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Buzzard skeletons (and bird skeletons in general)


I don't really write much about bird skeletons because complete ones are so hard to find. Bird bones are smaller, lighter, easier to break (and eat) and more likely to get scattered about, and often the way the birds get killed destroys some of the bones. Every single time I go to the pheasant woods near my village I find bones from pheasants killed by foxes but I hardly ever find the skulls.

That's why I was so excited when dad came back from a walk (my leg is still to weak to do proper walks)  and said he had found a buzzard skeleton. Buzzards are medium-sized birds of prey, bigger than most raptors like sparrowhawks, but still only small when compared to golden or white-tailed eagles. But not only had he found a buzzard skeleton - he had got all the major bones !

Buzzards are common near where I live because they like to live in pheasant woods. They are also one of the birds I have seen very close up because in October 2010 I found an ill buzzard in the pheasant woods which we took home for the SSPCA to take into their animal hospital.

The other important thing about buzzards is that you can only take their bodies or bones if you can be sure they died naturally. In reality this is almost impossible to prove. Some gamekeepers don't like buzzards so they either leave out poison in animal carcasses to poison them, or they shoot them. Luckily dad had taken lots of pictures of the site. He had found it at the bottom of a fallen down tree at the edge of Quoiggs Wood. 

The bones were complete and all together in a pile. It looked as if the buzzard had just died there. There were no signs of bones from poisoned carcasses nearby , and no damage on the bones to suggest it had been shot. It wasn't as clear-cut as the buzzard skeleton with the broken neck, or the buzzard I am rotting down at the moment which was mobbed, but I know the area, I don't think there is much active gamekeepering there, I've never heard of any poisonings  and I'm pretty sure it died naturally and that I'm okay to keep the bones.

Because a lot of birds are roughly the same size, the skull is the best place to identify the bird. Both the skull and lower jaw were here:

Dad knew just from the size of the skull it was a buzzard. It is 7.3cm long and 4.3cm wide, which is slightly smaller than the figures on Skullsite.com.

Dad did what I do, which is carefully work through the pine needles with a knife looking for bones. He put all the bones he found into his yellow collecting box then brought it home.

There was no soft tissue on the bones but a bit of muck so I cleaned by simmering for a few hours with biological washing powder in my S6 cleaner, then left them to dry for a few days: (the big bone at the top is from something else I was working on, otherwise it would be an odd-shaped buzzard)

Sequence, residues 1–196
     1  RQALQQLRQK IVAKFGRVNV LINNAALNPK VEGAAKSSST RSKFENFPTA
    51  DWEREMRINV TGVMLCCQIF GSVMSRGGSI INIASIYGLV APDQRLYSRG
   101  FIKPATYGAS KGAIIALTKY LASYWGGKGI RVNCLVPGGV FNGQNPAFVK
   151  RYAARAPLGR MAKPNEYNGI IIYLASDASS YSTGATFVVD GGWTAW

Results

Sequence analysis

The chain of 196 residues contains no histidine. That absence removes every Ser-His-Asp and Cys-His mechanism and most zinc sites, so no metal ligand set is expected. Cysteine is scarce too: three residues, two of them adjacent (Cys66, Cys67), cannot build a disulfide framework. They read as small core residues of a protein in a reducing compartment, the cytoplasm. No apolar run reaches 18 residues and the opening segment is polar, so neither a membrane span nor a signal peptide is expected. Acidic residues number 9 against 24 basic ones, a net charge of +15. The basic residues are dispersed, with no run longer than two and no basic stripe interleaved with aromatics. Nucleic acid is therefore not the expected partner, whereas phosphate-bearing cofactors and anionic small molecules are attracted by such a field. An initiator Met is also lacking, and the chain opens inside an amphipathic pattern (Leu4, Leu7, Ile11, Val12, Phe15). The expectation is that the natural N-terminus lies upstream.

The skeleton wasn't complete, but all the major bones were there. I've named this skeleton Churchill. Here are Churchill's bones:

The skull

Bird skulls are a lot more delicate than mammal bones, because they need to be light, and there is no need to have thick jaw bones for teeth because birds don't have any. You can tell from looking that this is a raptor (bird of prey) because of the short hooked beak. Other types of birds (like gulls) have hooked beaks too but their beaks are much longer. 

Otherwise, they are generally laid out the same way as mammal skulls with a rounded braincase at the back (with a hole for the spine), holes from the braincase into the eyes (for optic nerves) and nostrils at the form with thin, lacy bone behind. Generally in birds, the two eye sockets are separated by a thin piece of bone, whereas mammals usually have more inbetween.

The 'eyebrows' (thin bits of bone at the front of the eye socket) are missing, as is the quadrate bone (the rectangularish bit of bone which hinges the jaw and skull at bottom right) but these often get lost. You can see them in another of my buzzard skulls here though.

Shoulders and chest (sternum and pectoral girdle)

In most mammals (including humans) the bone in the middle of the chest (called the sternum) is thin, made out of cartilage, and is flat. In birds, the sternum is MASSIVE by comparison. Look at this roe deer ribcage next to a pink-footed goose:

That's because birds need different muscles to mammals. Imagine humans spent their time clapping their hands with straight arms; that's pretty much what birds do when they fly. The muscles that pull in the arms (or wings) are attached on the sternum, so birds to have evolved to have a much wider sternum which allows more muscle attachment, with a raised ridge in the middle. 

The ridge works the same way as a saggital crest on the top of a skull of some meat-eating mammals (like badgers and big cats) because it allows stronger muscles to attach. Some scientists can even make guesses about a species just from the bird sternum, to guess how strong it was at flying.

One of the weirdest sternums I have is from a whooper swan I found in 2011, where the inside of the keel is hollow, and the bird's windpipe folds inside. You can read about that here.